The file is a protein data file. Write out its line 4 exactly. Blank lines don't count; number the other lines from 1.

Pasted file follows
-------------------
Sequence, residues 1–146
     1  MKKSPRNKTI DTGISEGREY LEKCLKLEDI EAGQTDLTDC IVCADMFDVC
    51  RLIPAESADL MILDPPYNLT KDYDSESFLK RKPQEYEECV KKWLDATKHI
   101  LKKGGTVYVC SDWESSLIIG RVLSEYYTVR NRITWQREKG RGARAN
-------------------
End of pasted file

   101  LKKGGTVYVC SDWESSLIIG RVLSEYYTVR NRITWQREKG RGARAN